The aftereffect of the Big Bang cannot be seen today with a naked eye; it can be viewed only on a microscopic scale, which is a scale below 0.01 mm. For this purpose, physicists use special units of measurement, called planck units after German physicist Max Planck. Planck’s length is about 10(-35) centimeters, which is the size of a string in string theory. Planck’s time is about 10(-43) seconds; this is the amount of time it takes light to travel the distance of the Planck’s length. Planck’s mass is 10(-5) grams. Planck’s constant is the minimal amount of matter in order for particles of this matter to be the product of the uncertainty in position and velocity. As small as it is, on atomic scales, Planck’s mass is very large; it corresponds to 10(19) hydrogen atoms.

Planck’s measurements represent the smallest possible measurements that can be made.

As the universe continued to expand and to cool, what was once a unified force divided into the electroweak force and the strong nuclear force. Then, the electroweak force split into the electromagnetic and the weak nuclear forces.


With all his achievements, Planck’s reputation was tarnished by his collaboration with Hitler. His former friend, Albert Einstein, never forgave him for that.


In one second after the Big Bang, the universe cooled to 10 billion degrees. At the same time, it extended from something smaller than a subatomic particle to the present size of the universe.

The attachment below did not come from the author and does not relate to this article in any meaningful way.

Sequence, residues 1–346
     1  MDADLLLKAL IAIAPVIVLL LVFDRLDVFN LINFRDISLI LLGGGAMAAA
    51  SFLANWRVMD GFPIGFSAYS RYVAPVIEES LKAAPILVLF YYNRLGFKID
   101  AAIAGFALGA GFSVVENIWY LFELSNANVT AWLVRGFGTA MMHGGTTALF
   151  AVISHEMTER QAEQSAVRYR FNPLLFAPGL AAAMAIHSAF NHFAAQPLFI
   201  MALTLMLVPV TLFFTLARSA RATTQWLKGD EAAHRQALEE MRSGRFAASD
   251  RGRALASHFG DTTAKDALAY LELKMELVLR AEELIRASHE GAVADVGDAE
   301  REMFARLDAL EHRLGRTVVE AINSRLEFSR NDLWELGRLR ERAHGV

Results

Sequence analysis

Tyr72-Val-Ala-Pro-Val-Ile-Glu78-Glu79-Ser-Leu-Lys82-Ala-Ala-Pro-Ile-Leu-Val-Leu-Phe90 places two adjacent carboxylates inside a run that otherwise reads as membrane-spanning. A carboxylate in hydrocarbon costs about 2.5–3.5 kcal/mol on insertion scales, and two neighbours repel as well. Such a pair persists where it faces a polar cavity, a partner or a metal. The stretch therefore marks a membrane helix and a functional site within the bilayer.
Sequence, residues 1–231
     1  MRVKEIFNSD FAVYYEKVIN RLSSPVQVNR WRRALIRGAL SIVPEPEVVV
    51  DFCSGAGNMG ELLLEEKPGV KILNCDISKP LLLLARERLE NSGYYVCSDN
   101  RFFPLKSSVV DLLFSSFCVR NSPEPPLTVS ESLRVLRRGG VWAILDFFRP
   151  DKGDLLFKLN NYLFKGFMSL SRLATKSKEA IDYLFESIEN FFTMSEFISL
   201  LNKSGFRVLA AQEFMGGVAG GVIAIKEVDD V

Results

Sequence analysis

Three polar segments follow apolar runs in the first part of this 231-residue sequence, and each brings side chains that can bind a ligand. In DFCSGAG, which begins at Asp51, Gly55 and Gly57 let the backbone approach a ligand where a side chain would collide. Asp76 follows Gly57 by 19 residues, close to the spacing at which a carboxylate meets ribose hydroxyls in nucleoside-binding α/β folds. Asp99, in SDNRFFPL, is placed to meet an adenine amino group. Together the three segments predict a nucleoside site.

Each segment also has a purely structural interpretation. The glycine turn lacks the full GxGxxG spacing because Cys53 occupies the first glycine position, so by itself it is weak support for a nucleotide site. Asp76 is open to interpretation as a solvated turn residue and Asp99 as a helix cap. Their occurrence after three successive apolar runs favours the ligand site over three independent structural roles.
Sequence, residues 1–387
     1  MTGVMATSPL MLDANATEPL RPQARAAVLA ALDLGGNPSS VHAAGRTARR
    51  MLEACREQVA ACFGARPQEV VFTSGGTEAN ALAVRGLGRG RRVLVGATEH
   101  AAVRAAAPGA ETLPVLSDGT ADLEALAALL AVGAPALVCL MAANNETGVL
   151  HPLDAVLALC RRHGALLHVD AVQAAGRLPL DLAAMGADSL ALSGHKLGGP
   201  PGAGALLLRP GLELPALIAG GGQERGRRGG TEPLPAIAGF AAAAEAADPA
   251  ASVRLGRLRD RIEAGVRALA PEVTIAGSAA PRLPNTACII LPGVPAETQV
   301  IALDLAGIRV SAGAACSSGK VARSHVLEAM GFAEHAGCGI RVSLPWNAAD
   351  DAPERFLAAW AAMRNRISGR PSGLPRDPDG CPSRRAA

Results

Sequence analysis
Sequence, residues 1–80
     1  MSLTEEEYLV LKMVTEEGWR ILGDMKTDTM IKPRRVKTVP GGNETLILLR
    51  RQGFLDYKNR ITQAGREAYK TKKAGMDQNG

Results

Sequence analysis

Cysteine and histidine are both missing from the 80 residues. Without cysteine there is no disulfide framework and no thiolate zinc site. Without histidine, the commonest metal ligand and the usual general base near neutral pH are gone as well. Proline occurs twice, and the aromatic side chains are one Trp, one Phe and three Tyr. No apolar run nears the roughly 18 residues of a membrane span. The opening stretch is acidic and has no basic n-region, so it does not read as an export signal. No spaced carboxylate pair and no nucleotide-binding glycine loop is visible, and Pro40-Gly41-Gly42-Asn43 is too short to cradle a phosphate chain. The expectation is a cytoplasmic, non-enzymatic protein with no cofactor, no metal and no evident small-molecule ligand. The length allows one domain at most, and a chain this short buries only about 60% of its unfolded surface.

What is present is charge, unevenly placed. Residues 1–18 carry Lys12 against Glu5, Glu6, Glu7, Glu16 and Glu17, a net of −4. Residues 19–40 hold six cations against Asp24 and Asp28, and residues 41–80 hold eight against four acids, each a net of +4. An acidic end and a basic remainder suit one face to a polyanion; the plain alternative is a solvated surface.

Two minutes after the Big Bang, the temperature dropped below 100 million degrees; this was the time for atomic nuclei to form. At this temperature, matter consisted of a mixture of unattached simple nuclei of atoms and free electrons.

According to the theory of relativity and quantum mechanics, matter was created out of the gravitational energy of the universe in the form of pairs of particle/antiparticle. Every subatomic particle has a mirror image particle: an antiparticle, which has the same mass but opposite charge. If subatomic antiparticles exist, so the matter consisting of these particles must exist—anti-matter. If antimatter and matter collide, they would annihilate each other in an explosion.

Per Einstein’s equation, their mass would be converted into an enormous amount of energy. Considering that antimatter and matter cannot coexist, we do not anticipate antimatter to be present on Earth, but it could exist somewhere else in the universe.

Today, the negative gravitational energy of the universe is balanced by the positive energy of matter.

One hour after the Big Bang, the universe still maintained a temperature of about a million degrees, which kept all the matter in the universe in its first stage, plasma. (Fluorescent light is an example of plasma.) Presently, plasma is rare on Earth, but it comprises 99 percent of all visible matter in our universe.

At that time, because of extreme temperature, electrons were moving too quickly to settle into orbits around the nuclei; instead, the nuclei and electrons bounced off one another. The light was overwhelming, but it would have been impossible to see anything, because light, at this time, scattered repeatedly off the particles in the plasma, resulting in the universe being like a fog. Visible light is made of radiation quanta, called photons, which are bundles of electrical and magnetic energy.